Getting Your Indie iPhone Apps and Games Noticed
While the App Store is a pretty convenient place for you (as the consumer) to browse, search and purchase apps for the iPhone, it’s also a very competitive place for app developers. How do you cope with the sheer number of apps that getting more than a handful of competitors is very real possibility. In the case of the indie game developer, how do you actually get ahead of the competition? This might be a surprise for you, but you might find that this doesn’t necessary mean coming up with a better game than the competition.
Since I started focusing on iPhone apps on Nine Over Ten 9/10, I’ve been fortunate to come in contact with several indie app developers whose primary focus are games. Games make up probably the largest chunk of apps in App Store and there’s always a dilemma that when you create a great game, no one takes notice. The key here is to create buzz which will eventually lead to traffic and then app downloads.
While most indie developers have pretty cool concepts for their games and often translate them well to the actual app, promoting their apps seem to pretty down on the priority list. Having seen how some Community Managers work on behalf of companies like EA on promoting their games, I’ve got several suggestions for cheap and the first one involves something that we’re awfully familiar with.
The idea here is to create a community, to generate buzz on the particular game/indie developer company and to engage the user base. It’s pretty easy to spread the word on Facebook, reach out to your friends to become fans of your Fan Page and implore them to also reach out to their respective group of friends.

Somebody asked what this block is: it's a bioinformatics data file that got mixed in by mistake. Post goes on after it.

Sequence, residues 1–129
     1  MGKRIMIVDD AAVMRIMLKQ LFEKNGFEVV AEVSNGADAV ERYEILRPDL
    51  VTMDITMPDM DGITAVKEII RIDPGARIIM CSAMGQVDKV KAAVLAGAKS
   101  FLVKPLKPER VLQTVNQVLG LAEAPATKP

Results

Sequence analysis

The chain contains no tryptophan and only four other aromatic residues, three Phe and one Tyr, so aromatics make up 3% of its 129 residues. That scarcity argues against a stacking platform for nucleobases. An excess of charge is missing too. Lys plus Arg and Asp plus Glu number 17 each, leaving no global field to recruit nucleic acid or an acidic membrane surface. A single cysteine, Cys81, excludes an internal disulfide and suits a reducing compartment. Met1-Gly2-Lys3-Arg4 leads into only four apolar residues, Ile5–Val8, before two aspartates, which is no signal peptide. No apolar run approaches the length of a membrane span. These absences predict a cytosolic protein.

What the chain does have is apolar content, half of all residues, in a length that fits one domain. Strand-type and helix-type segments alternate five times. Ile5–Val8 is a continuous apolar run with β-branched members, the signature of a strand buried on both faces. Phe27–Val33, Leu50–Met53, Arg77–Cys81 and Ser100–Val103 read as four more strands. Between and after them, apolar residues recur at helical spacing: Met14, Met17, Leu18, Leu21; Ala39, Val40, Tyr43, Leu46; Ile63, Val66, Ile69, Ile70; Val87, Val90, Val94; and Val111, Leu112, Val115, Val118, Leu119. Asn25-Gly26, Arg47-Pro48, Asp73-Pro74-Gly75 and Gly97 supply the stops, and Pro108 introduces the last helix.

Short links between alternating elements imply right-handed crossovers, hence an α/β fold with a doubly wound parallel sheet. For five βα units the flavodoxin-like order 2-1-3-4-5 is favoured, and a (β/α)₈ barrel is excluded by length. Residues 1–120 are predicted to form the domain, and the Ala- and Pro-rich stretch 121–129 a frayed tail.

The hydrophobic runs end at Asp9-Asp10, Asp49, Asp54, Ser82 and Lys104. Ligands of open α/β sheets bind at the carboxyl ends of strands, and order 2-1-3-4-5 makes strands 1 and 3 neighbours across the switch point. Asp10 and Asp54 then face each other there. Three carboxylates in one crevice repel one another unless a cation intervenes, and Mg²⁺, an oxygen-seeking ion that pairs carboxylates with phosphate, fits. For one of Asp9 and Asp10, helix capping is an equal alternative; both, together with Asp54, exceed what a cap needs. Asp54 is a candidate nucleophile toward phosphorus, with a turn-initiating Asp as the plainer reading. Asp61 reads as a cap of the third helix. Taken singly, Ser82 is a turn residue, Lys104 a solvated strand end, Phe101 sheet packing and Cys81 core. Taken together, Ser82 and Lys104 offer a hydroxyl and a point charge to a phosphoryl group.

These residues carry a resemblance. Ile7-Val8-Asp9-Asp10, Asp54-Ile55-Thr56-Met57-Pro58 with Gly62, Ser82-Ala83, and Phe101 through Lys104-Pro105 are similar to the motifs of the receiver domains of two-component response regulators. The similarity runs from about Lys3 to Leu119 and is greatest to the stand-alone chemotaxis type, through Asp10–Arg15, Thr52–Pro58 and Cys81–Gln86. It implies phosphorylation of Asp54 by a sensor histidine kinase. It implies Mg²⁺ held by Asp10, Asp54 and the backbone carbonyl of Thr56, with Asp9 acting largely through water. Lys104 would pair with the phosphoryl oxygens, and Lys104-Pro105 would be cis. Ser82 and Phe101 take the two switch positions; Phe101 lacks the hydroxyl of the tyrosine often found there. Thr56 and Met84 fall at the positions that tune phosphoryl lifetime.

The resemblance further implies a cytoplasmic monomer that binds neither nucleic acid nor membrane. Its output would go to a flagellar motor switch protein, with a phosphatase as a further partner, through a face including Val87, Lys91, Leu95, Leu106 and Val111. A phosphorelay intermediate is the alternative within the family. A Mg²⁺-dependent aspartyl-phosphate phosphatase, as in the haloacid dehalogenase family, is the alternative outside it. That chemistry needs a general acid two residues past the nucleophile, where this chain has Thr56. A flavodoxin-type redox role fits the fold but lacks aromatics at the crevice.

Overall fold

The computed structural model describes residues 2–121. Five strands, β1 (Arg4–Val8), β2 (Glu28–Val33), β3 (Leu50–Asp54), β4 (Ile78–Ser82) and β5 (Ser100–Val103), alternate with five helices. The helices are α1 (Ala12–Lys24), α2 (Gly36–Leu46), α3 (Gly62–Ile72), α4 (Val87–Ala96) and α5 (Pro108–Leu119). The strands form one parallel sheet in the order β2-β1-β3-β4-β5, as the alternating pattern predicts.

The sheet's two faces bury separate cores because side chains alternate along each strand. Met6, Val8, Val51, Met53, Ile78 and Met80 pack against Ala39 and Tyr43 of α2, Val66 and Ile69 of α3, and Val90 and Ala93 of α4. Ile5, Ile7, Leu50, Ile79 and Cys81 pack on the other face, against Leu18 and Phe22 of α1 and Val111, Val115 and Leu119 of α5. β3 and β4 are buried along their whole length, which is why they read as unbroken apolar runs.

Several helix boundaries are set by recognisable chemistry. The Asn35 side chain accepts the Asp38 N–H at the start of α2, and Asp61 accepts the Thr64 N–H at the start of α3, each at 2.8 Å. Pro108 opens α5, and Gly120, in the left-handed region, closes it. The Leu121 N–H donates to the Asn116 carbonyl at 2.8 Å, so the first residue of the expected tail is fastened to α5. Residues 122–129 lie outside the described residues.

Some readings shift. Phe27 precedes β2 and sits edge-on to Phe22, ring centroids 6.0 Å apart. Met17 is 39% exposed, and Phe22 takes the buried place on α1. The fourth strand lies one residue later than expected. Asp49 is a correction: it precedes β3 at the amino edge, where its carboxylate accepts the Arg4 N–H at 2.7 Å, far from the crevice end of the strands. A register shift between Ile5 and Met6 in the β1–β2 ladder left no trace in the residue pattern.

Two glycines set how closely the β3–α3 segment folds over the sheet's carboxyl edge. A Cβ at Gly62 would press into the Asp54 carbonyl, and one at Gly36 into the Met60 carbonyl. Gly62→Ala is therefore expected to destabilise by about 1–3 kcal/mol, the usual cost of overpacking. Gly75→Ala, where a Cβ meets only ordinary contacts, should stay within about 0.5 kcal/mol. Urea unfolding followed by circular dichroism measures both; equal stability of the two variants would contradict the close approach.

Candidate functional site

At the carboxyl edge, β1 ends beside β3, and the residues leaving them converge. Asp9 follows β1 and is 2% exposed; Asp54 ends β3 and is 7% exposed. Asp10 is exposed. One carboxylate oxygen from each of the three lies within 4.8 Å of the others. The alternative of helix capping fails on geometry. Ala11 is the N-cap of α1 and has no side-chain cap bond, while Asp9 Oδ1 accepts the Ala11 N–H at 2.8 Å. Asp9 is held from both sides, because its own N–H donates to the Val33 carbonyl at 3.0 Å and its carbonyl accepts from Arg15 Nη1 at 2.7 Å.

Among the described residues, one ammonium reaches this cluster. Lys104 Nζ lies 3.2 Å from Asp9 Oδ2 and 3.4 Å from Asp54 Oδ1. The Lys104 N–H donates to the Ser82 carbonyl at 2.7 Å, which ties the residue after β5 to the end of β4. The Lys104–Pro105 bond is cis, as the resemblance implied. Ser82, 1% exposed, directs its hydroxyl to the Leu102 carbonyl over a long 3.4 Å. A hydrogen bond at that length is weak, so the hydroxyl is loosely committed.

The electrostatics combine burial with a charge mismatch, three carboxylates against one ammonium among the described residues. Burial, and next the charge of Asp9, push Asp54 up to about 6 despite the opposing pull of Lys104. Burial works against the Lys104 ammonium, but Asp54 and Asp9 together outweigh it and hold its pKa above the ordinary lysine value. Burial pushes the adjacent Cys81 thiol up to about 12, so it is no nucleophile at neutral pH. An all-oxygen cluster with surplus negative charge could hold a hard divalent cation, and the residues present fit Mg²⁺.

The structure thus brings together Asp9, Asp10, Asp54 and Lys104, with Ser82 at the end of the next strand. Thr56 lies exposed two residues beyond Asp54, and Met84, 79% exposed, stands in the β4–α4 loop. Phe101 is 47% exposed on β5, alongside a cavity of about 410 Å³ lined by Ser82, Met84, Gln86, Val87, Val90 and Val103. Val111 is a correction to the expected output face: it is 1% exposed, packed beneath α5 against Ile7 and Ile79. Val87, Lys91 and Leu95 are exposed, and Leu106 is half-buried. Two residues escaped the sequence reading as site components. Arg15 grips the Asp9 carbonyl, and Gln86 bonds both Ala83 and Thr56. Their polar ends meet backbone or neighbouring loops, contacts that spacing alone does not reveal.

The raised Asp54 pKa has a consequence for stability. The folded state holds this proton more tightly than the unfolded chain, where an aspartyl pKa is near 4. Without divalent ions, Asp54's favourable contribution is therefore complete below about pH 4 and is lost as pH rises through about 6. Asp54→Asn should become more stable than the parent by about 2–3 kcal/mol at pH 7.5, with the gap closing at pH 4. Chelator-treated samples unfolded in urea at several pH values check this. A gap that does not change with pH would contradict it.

From here onwards, the you can always create announcements, contests, anything with regards to the games. Also, don’t forget to reach out to other related game pages, particularly those belonging to the iPhone app/games interest groups.
Like Facebook, Twitter can also be used to engage potential users. Post up frequent updates and if there are none, keep up the banter with your followers. It would be nice as well if your game can actually post something up to Twitter. This can be used as a form of friendly competition, not to mention it does attract attention. An example of an app that uses this would be DoodleJump.
One thing when it comes to using Twitter is that you shouldn’t not opt for a private account whereby your posts can only be read by your followers. It’s pretty obvious you’ll need to attract followers and having a private account will just be putting your efforts to naught.
Bloggers and Game Sites
Bloggers and video gaming sites SHOULD always be engaged as for the near future, will be the primary means for potential app users to know about your app. One thing that should be noted is that it is better to give a professional looking press release, rather than a messy e-mail, along with the necessary supporting documents like screenshots and videos to help the two mediums in disseminating information.
I myself don’t mind an e-mail filled with bullet points, but hey, if you are writing something, think of whether would it piqued the interest of the reader in the first place.
One thing I noticed is that even there are only three suggestions listed down here, they actually involve a lot of work. It’s the same reason why EA has community managers to do these user engagements. But hey, if you are willing to sit down, spend a couple of hours on Facebook, writting to bloggers and probably spend more time engaging users on Twitter, you should be able to get something positive out of this.
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